(Reuters) - The NCAA suspended Syracuse University basketball coach Jim Boeheim on Friday for nine Atlantic Coast Conference games and took away scholarships after a lengthy investigation of the school’s athletic programs.
Syracuse discovered and self-reported 10 violations, over an eight-year period dating to 2001, that primarily involved men’s basketball but also football, the NCAA Committee on Infractions said.
Those infractions included academic misconduct, extra benefits, failure to follow the school’s drug testing policy and impermissible booster activity.
“Over the course of a decade, Syracuse University did not control and monitor its athletics programs,” the committee said in a statement, “and its head men’s basketball coach failed to monitor his program.”
Boeheim’s suspension will cover the first nine ACC games of the 2015-2016 season.
The National Collegiate Athletic Association’s penalties include five years’ probation, financial penalties, and a reduction of three men’s basketball scholarships per year through 2018-19.
Also Syracuse will vacate all wins in which ineligible men’s basketball students played in 2004-05, 2005-06, 2006-07, 2010-11 and 2011-12 and all wins in which ineligible football students played in 2004-05, 2005-06 and 2006-07.
Boeheim, a Hall of Famer who has been the Syracuse head coach since 1976, won 135 games in those five seasons and 108 of those wins will be wiped out.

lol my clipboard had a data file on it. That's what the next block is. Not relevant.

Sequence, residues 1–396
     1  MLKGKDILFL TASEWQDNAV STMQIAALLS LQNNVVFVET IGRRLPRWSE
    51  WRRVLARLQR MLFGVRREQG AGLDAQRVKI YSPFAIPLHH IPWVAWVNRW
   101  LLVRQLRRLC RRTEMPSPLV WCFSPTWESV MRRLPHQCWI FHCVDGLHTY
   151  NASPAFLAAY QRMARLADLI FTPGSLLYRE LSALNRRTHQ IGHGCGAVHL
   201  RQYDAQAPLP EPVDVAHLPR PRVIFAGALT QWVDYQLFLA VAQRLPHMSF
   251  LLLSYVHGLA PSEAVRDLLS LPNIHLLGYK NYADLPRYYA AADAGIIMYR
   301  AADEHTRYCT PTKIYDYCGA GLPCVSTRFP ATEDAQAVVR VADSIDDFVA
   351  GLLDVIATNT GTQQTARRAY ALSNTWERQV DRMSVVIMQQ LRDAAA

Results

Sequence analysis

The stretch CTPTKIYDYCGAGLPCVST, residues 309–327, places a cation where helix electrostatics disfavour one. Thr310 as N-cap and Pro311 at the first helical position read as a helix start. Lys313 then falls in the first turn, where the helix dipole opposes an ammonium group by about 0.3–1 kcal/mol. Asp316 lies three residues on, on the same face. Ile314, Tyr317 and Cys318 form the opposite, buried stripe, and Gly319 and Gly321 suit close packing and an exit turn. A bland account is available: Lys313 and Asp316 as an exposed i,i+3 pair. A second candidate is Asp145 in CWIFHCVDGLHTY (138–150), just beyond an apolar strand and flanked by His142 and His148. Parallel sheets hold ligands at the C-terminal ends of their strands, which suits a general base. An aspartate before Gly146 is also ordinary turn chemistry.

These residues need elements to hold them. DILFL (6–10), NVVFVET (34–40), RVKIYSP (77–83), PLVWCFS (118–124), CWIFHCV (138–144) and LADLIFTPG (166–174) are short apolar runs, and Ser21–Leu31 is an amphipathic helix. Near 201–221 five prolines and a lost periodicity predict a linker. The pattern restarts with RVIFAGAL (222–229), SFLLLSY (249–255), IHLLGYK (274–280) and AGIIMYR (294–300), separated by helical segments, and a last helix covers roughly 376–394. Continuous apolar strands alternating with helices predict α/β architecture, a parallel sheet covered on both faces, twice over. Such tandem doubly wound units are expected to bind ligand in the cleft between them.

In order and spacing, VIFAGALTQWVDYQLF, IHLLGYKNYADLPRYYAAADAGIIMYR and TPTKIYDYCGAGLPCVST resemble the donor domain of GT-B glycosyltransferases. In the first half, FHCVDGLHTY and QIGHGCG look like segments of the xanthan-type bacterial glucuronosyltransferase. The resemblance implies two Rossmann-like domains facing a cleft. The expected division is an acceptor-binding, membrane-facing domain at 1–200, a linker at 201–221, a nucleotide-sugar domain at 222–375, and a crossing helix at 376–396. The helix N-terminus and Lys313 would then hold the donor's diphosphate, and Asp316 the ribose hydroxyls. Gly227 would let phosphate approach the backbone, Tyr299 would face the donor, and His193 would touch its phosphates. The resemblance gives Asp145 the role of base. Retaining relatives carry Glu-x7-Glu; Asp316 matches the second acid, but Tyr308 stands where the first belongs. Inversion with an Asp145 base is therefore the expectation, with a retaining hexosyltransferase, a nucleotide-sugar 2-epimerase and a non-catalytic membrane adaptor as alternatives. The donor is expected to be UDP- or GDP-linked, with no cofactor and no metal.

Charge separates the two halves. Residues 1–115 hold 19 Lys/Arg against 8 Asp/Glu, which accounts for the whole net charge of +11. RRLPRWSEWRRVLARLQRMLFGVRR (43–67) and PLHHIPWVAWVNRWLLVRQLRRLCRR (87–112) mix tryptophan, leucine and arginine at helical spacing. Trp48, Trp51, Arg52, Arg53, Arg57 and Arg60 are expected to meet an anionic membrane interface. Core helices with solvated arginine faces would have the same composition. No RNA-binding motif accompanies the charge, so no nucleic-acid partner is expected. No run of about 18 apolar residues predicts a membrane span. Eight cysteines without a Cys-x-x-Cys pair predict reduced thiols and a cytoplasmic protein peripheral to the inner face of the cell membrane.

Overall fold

“Syracuse University did not and does not agree with all the conclusions reached by the NCAA, including some of the findings and penalties included in today’s report,” Chancellor Kent Syverud said in a statement.
“However, we take the report and the issues it identifies very seriously, particularly those that involve academic integrity and the overall well-being of student-athletes.”
The NCAA agreed to accept the university’s decision for the men’s basketball team to not participate in any post season games this season, including the ACC tournament.
Two staff members completed course work for an academically ineligible student “when the school was under investigation for other potential violations,” the NCAA said in its report.
“Improper institutional involvement and influence in a student’s academic work in order to gain or maintain eligibility is a violation of NCAA rules and a violation of the most fundamental core values of the NCAA and higher education,” the committee wrote.
Among its financial sanctions, Syracuse must return to the NCAA all money it received through the former Big East Conference for its appearances in the 2011, 2012 and 2013 NCAA Men’s Basketball Tournament.
Reporting by Steve Ginsburg in Washington; editing by Susan Heavey and Matthew Lewis